Nowadays you can fly from India, or anywhere, to Nepal, of course. That would save pain in your backside, and enable you to see the Himalayas from the air - during the dry season only. In monsoon they're not visible (June-October or so).
However, you will then miss the rides through thrilling border towns like Gorakhpur, Senauli, Butwal and Beheliya, a whistle stop through Lumbini, the birthplace of Lord Buddha, not to mention umpteen (about 12) road blocks by the Royal Nepalese Army looking sharp in their blue camo and AKs. You do get a beautiful, if long, bus ride through the lower Terai and shimmering green terraced rice fields. Most tourists don't go to this part of Nepal. It was cool to be vaulted from the dry, dusty drab Senauli border almost directly into the emerald plains then up, up into the misty hills, and to see the "real" Nepal prior to arrival in the big city.
An added attraction was the fresh rubble from recent landslides blocking the roads. This is a very real danger during rainy season. The meandering highway followed the steep Rapti river gorge for at least five hours, sheer hillsides with a violent grey ribbon of river below, swollen by the seasonal rains.
I came by train from India to Gorakhpur, UP, spent one night there at the Ellora Hotel (150rs, very clean up top), and caught the 4am bus to Senauli. From Senauli I was hauled by a 15 year old on a cycle rickshaw to the Indian border post, where they wearily stamp your exit. I then continued on the cycle rick across the border to Beheliya - now Nepal - where the considerably cheerier Nepali border people take your $30, photo and stamp you IN for 60 days. Change your money nearby. DON'T bring in any Indian 500Rs notes, they are banned right now in Nepal. 100s are fine but no 500s or 1000Rs. I didn't believe them and later had a really hard time changing the Indian 500s for Nepali. You have to find an Indian person (try hotel proprietors) and keep it top secret.
By this time one of a dozen touts will have approached you for the mini-bus ride into Kathmandu, which leaves either right there by the border, or a short taxi ride away. I paid about 250Indian Rs for the 9-hour ride - no extra charge for the serangi-playing urchins who climbed aboard to serenade us, or the old ladies in head wraps carrying baskets of turnips, or the 10 year old hawker with his backward baseball cap that careens out the open door and yells at every stop, "Ho Kamadoo Kamadoo! Ho Kamadoo Kamadoo!" Midway to "Kamadoo" another tout will have approached you offering a room. Don't worry, they are not nearly as pushy as the Indian touts. You can arrive in Kathmandu with a hotel and even a prearranged ride from the bus station (they cel phone ahead).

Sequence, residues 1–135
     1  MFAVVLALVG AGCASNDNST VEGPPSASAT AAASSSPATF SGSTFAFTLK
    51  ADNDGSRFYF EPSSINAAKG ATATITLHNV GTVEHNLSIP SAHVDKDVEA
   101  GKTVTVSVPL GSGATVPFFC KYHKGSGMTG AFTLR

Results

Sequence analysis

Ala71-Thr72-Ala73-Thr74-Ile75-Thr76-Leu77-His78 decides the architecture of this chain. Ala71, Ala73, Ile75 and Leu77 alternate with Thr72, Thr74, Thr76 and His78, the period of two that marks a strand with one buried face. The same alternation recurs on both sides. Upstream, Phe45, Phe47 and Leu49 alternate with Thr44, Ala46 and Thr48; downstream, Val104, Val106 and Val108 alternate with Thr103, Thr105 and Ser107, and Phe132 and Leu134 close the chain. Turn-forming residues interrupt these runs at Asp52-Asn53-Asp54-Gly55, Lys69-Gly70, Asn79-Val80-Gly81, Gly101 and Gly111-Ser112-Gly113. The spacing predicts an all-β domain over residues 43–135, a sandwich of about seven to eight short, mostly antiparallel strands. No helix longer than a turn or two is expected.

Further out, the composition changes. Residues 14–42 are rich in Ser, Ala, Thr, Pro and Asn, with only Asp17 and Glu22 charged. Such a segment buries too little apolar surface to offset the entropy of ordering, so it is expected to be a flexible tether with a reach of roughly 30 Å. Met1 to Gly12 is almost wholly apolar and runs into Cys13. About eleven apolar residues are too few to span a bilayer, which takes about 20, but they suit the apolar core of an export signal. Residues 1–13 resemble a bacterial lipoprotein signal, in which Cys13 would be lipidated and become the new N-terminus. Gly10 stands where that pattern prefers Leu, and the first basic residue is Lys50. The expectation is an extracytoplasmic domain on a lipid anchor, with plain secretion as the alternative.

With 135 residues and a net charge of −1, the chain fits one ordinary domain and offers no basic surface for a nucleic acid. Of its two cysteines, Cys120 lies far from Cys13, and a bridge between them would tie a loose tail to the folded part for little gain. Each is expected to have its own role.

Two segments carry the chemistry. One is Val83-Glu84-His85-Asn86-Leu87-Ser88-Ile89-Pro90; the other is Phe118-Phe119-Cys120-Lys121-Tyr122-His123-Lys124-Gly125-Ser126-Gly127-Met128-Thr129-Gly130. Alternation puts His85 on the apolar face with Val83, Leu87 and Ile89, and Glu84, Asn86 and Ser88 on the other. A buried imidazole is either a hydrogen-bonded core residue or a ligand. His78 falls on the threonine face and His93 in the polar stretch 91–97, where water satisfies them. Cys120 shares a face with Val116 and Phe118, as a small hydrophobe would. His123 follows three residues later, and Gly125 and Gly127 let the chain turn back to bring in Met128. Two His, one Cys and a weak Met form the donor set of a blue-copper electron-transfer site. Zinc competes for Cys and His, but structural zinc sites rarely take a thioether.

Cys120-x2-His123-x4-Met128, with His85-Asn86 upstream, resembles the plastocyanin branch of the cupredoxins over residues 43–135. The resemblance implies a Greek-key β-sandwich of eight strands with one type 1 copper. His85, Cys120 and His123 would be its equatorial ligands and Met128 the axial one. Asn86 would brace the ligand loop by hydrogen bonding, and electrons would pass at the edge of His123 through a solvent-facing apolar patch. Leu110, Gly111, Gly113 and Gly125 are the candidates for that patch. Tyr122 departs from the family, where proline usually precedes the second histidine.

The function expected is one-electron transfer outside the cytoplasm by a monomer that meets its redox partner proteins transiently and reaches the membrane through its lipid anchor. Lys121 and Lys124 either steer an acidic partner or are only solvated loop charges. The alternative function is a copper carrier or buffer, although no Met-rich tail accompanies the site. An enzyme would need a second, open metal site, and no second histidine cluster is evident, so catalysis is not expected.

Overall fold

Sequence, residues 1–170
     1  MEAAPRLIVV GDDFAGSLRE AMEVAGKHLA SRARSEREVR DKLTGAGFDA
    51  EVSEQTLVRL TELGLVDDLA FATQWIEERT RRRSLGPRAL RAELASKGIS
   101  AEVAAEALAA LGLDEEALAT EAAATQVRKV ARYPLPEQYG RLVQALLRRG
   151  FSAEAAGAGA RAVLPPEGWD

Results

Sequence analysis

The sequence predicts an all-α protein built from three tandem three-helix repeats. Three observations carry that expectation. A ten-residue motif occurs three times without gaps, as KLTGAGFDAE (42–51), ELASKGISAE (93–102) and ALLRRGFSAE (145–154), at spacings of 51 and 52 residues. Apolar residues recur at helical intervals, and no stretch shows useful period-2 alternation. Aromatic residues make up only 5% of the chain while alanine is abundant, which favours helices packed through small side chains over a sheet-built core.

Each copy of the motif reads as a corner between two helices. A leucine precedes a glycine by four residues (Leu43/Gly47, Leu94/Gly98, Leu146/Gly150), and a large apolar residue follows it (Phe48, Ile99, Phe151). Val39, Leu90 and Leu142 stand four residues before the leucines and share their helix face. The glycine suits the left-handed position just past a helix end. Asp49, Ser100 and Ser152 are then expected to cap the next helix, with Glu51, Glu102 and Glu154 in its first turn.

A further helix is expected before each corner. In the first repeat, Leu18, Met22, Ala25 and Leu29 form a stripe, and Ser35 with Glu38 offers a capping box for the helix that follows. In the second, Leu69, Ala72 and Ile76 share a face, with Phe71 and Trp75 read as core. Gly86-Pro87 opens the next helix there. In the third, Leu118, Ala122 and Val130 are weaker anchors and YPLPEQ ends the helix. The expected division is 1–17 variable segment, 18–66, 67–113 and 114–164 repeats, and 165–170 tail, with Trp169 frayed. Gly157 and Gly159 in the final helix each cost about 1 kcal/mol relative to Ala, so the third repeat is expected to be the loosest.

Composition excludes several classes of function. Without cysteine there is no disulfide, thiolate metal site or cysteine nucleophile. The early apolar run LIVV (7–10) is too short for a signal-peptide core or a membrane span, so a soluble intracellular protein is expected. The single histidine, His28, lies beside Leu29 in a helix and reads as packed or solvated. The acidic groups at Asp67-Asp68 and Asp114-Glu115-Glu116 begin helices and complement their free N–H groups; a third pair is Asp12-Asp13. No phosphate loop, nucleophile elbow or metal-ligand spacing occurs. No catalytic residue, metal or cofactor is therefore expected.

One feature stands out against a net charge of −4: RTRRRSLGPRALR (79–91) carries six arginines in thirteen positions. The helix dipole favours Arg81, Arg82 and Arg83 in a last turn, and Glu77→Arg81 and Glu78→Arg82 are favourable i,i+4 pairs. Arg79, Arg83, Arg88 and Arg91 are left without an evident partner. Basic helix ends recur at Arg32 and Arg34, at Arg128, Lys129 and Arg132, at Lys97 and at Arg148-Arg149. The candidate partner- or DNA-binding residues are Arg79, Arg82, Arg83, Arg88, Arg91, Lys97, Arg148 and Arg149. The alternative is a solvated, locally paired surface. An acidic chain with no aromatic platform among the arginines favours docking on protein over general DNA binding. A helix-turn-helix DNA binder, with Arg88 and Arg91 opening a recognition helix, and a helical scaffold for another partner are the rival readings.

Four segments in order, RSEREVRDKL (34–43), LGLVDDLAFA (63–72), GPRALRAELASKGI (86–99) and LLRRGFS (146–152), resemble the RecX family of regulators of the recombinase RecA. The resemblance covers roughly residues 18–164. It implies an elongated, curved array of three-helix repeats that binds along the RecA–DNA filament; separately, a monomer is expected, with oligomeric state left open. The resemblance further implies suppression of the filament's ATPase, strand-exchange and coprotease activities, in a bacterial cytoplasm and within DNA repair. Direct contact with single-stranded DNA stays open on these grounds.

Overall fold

Don't eat any food on the road that is not from a sealed pack, ever. Even if you're starving, which you will be after nine hours of potato chips. I got giardia this way.
Sirensongs: Indologist At Large
Somewhere between Kangra, Kashmir and Kumbakonam, India
Sirensongs moved to India in 2002 to complete her six years' study of the ancient temple dance, Bharatanatyam. Apprenticing with a revered master in Madras, she learned a great deal; however, most of it was not about dance.
Disillusionment and childhood memories of "Tintin In Tibet" have led her to adventures as a spiritual investigative reporter throughout India, Nepal and Sri Lanka; as documented on this blogsite, her Flickr photo portfolio and various newsmedia (see sidebar).
She holds a certificate in Spoken Sanskrit from Rashtriya Samskrta Samsthan (deemed university, New Delhi) and is a lifetime member of ABHAI (Assoc. of Bharatanatyam Artists of India). Sirensongs is inordinately proud of her ability to read street signs and argue (successfully) with taxi drivers in Malayalam, Hindi, French and Nepali languages.
Her Tibetan, however, is still a total disgrace. She's working on it.
Quote: "Why do people go to India to find themselves? India is where you go to LOSE yourself."
Unless otherwise noted, every word and photograph on this website, including the phrases "Spiritual Investigative Reporter" and "Indologist at Large," is original and copyright from 2005 into perpetuity by Sirensongs (yes, I have a real name I use for legal purposes). It is not public domain. It is not there for the borrowing. If you would like to use it, write and ask nicely. Karma is a bitch. Thank you.